EEOC Takes on Justice Department over LGBTQ Employee Protections

Yes, we live in confusing times. Bi-partisanship seems all but over. 

But now, there is a split within the Trump administration between the U.S. Department of Justice and the Equal Employment Opportunity Commission (EEOC) concerning coverage under Title VII, the federal civil rights law, for employees who are transgender.

This is quite remarkable. Let’s look at how this controversy developed.

You might recall that a little over a year ago, Attorney General Jeff Sessions issued a memo announcing a reversal in a three-year-old Justice Department policy that transgender workers were protected under federal law from discrimination. 

In his Oct. 4, 2017 memo, Sessions stated “Title VII's prohibition on sex discrimination encompasses discrimination between men and women but does not encompass discrimination based on gender identity per se, including transgender status." Sessions’ memo further indicated that the “Department of Justice will take that position in all pending and future matters...” Well, Sessions has now made good on that promise.

Pending before the U.S. Supreme Court is a petition for review of R.G. & G. R. Harris Funeral Homes, Inc. v. EEOC (the “funeral home case”), one about which I have previously written. This is the case that originated in Inkster, Michigan involving the termination of a funeral home worker who had been presenting as a male after announcing she was transitioning to a female and that in the future she would no longer come to work dressed as a man, but would dress as a woman.

In July, the funeral home filed a petition seeking review by the Supreme Court of the opinion issued by the U.S. Court of Appeals for the Sixth Circuit. Only the Justice Department has the authority to represent the federal government before the Supreme Court. Last week, the Justice Department, on behalf of the EEOC which prevailed at the Sixth Circuit, filed a brief with the Supreme Court asking the justices to consider reviewing the Sixth Circuit opinion, but only if the court grants review of Altitude Express, Inc v Zarda (2nd Cir.) and/or Bostock v Clayton County (7th Cir.). Both of those decisions ruled that Title VII protects workers from discrimination based on sexual orientation.

The Justice Department’s brief argues that until these two circuits ruled in this manner (both sitting en banc, meaning all of the judges on the bench at that circuit) all federal circuit courts had unanimously concluded that Title VII afforded no such protection. Because the Sixth Circuit relied on those opinions when ruling in favor of the EEOC in the funeral home case, it asks the justices to review the funeral home case if it reviews the correctness of those opinions.  But, if it denies the petitions to review those two cases (which may signal the justices believe those decisions were correctly decided), then it should also deny review of the funeral home case at this juncture (apparently concerned about an adverse ruling).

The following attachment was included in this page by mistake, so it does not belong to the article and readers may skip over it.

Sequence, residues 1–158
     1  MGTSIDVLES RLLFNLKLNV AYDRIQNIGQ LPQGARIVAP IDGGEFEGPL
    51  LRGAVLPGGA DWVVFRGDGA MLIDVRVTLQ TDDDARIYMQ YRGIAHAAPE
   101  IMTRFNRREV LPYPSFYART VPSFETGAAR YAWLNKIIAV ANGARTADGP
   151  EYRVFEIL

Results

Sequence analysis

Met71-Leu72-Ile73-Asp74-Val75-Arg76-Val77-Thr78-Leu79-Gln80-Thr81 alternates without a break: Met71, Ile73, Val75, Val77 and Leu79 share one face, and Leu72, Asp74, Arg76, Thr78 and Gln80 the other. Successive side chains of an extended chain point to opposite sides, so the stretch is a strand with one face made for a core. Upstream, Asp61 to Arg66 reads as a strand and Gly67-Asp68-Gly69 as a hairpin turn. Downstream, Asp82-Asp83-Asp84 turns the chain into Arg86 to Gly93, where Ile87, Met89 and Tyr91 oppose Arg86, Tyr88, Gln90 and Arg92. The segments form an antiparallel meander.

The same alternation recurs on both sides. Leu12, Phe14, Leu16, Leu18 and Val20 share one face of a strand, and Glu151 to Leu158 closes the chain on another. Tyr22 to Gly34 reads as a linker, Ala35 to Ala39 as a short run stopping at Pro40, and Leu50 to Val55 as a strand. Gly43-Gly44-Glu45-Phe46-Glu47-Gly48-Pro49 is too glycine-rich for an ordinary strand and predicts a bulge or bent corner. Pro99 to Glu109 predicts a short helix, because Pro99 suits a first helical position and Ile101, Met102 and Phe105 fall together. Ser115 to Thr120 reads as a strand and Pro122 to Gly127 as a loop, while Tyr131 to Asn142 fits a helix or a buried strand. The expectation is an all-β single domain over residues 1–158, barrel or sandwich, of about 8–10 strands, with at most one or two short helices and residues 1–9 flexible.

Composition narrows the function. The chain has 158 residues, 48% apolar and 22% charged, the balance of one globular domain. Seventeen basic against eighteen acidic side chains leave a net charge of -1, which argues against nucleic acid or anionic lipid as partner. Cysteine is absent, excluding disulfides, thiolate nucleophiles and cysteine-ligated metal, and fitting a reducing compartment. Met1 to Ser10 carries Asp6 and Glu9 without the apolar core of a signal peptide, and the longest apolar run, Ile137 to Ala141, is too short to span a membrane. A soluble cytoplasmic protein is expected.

The most shocking statement in the Justice Department’s brief, which was filed on behalf of the Respondent, the EEOC, is “To be sure, the United States disagrees with the court of appeals’ decision.” Seriously? The respondent (EEOC) prevailed in that decision!  This conflict between the Justice Department and the EEOC is an astonishing development in the administration.

Solicitor General Noel Francisco, who represents the federal government before the Supreme Court, said the Sixth Circuit got it wrong because “sex” as defined under Title VII does not refer to gender identity. But the EEOC was the party that convinced the Sixth Circuit that the term did.

The EEOC is not backing down from its position. Affording protections to the LGBTQ community is one of the EEOC’s strategic initiatives and acting Chair Victoria Lipnic (who is a Republican) intends on pressing forward unless the Supreme Court rules against the EEOC’s position. Acting Chair Lipnic was tapped for this role by President Trump on Jan. 25, 2017. 

The EEOC is composed of five members appointed by the President, who also appoints the general counsel to provide direction and supervision to the EEOC’s litigation. Currently this position is vacant along with two vacant member positions because the nominations have stalled in Congress.

So what now for employers? I am advising my clients to continue to include sexual orientation and transgender as protected statuses in their equal employment opportunity and harassment policies. 

Sooner or later, this will all be sorted out, but in the meantime, the EEOC will continue to protect the rights of LGBTQ employees and failure to include these statuses in the policies will be adverse to any defense of such discrimination claims.

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